From, U.S. Shooting:
I would like to share a short story with you, to put a personal perspective on how I have found my way through my injury.
I was a Special Operations Soldier for ten years. The Special Operations lifestyle is not very conducive to successful family life, because you have two families: the one you work with (your team) and your family that you leave at home when you deploy. I realized that I needed to be home to be a good husband and father, so I got out of the military and started a horse farm in Tennessee.
Shortly after that, in March 2001, I suffered a tractor accident and broke my back, ruptured my diaphragm, broking my pelvis, and tearing my aorta severely. (I don’t think you can tear your aorta in a way that is not severe!) Shortly after the surgeries that saved my life, the doctors said, “Eric, we really don’t know how you survived this level of trauma.”
Two years into my injury I met Dan Jordan, a former colliegiate National Champion who had suffered a spinal cord injury about eight years prior to mine. He was on the U.S. Paralympic Team as a, and he helped me get started in the Olympic Shooting events.
I was at lunch with Dan shortly after we first met and maybe the second day of shooting; Dan said something that really blew me away: “Eric, this injury could very well be the best thing that ever happened to you.” I kind of shook my head in disbelief, but because Dan was in a wheelchair, I heard what he said. Mind you, I did not really agree with him at that time. I was newly injured, so the reason I heard what he said, and never forgot it, was because Dan was an elite-level athlete prior to his injury, and through academics and athletics he was able to find success post injury. I wanted to find my way to that point. What point, you ask? The point where I could at least level the playing field from Special Operations soldier to Paralympic athlete.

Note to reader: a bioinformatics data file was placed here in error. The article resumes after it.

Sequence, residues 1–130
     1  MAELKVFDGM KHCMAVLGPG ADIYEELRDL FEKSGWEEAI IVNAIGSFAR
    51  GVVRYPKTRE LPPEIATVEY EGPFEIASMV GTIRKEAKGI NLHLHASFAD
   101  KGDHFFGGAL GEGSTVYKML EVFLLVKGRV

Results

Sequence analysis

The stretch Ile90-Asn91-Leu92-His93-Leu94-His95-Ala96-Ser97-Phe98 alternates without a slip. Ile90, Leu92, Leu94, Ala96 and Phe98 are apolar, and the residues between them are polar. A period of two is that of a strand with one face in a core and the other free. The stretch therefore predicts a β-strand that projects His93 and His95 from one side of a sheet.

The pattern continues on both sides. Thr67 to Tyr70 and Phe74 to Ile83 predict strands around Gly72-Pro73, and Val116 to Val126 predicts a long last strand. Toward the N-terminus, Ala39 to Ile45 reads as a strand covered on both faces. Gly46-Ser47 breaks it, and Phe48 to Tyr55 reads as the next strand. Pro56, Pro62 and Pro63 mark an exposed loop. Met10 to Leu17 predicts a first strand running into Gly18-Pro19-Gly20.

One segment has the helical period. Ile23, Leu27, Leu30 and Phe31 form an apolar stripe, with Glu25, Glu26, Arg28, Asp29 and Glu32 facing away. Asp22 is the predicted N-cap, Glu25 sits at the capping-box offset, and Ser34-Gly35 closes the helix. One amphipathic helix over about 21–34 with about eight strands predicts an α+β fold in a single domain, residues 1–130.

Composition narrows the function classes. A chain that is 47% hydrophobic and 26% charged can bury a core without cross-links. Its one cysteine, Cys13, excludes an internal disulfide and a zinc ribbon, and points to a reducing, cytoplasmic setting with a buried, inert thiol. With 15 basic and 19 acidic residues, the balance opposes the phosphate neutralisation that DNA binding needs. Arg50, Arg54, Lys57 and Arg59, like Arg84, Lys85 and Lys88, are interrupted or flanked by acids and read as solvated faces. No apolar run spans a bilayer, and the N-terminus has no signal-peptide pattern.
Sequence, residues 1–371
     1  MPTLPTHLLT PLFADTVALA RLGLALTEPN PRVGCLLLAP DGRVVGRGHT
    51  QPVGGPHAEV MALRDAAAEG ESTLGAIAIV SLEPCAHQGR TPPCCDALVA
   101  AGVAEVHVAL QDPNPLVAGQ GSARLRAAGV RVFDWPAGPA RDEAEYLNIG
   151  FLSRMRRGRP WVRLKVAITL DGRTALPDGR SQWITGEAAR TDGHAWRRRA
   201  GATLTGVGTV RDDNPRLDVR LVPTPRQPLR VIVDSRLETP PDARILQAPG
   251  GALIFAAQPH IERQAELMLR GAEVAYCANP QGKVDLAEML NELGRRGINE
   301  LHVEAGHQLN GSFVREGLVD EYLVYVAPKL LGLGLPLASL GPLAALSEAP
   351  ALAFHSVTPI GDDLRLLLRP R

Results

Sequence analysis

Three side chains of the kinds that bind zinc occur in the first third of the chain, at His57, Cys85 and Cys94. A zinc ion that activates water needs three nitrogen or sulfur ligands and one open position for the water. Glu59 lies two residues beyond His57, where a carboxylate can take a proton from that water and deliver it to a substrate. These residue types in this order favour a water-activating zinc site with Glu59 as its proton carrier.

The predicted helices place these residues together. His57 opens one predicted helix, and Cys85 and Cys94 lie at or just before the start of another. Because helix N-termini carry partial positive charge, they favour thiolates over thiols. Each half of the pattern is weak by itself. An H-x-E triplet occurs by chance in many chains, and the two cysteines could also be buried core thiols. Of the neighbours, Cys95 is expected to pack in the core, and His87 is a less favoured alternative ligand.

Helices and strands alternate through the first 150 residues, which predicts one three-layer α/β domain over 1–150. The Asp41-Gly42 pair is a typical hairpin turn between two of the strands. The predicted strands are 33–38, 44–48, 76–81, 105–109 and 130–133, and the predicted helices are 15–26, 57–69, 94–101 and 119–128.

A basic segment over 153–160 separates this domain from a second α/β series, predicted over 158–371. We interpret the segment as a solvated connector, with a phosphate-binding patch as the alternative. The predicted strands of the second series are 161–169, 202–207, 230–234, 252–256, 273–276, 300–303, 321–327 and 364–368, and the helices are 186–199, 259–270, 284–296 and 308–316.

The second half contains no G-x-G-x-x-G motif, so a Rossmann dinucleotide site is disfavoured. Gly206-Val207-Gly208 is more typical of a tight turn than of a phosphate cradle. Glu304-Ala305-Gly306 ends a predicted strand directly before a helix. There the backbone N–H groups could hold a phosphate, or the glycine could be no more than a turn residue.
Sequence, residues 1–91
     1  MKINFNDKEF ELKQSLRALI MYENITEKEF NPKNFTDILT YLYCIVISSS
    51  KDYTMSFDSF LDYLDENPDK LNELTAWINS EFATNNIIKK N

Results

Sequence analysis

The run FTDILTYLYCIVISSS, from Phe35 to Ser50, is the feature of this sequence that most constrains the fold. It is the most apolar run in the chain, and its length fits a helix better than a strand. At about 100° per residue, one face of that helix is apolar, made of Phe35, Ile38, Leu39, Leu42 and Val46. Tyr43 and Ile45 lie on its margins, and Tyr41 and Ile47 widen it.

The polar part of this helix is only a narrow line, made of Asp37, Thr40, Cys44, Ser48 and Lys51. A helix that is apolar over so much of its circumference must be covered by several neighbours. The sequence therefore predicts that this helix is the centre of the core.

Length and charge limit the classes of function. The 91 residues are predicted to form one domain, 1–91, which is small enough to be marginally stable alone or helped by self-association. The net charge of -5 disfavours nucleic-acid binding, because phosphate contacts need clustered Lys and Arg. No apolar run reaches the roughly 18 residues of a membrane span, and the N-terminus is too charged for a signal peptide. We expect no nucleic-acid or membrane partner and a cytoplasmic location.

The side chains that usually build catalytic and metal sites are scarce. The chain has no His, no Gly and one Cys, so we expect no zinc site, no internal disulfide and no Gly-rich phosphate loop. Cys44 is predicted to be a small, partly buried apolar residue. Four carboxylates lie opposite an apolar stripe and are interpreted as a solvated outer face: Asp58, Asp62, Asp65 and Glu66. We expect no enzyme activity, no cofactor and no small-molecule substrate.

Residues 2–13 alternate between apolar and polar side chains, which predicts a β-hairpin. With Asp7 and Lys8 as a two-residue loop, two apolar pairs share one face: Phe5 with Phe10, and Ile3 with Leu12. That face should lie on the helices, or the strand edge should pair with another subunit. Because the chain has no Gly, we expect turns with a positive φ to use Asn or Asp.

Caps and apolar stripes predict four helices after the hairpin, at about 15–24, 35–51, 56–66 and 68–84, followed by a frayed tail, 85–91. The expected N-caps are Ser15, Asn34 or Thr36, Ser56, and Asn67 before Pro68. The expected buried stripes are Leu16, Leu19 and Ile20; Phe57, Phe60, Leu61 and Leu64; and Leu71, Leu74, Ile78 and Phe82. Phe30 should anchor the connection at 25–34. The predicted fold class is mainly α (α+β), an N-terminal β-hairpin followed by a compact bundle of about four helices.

The really great thing about being a Paralympian has been that, as I fought to recover from a catastrophic life-changing injury through the sport of shooting and academics, I was able to refocus my life on what really matters: being a good father. The sport has provided not just myself with an opportunity to become a Paralympic athlete, but it has provided my daughter with a chance to become an elite-level ski racer. Payten is 13 years old and trains with me at the Olympic Training Center (OTC). She is a first year J-3 alpine ski racer with Team Breckinridge, and is training with strength and conditioning at the OTC. If I had not suffered my injury, Payten would not have the opportunity to be chasing her dream of becoming an Olympic ski racer.
So what Dan said back in 2003 has come true. At this point I would not trade the life experiences and lessons I learned because of my injury for the world. I am a better father and better man, and have found that not only did I level the playing field from Special Operations soldier to Paralympian, but I have eclipsed all previous pinnacles achieved prior to injury. I now have the proud honor to represent my country in the Paralympic Games in London 2012. Who gets to do that? It’s just an amazing journey, and now my daughter may very well eclipse all my achievements by chasing her dream, too.
All the best to all in 2012 -- Go Team USA!
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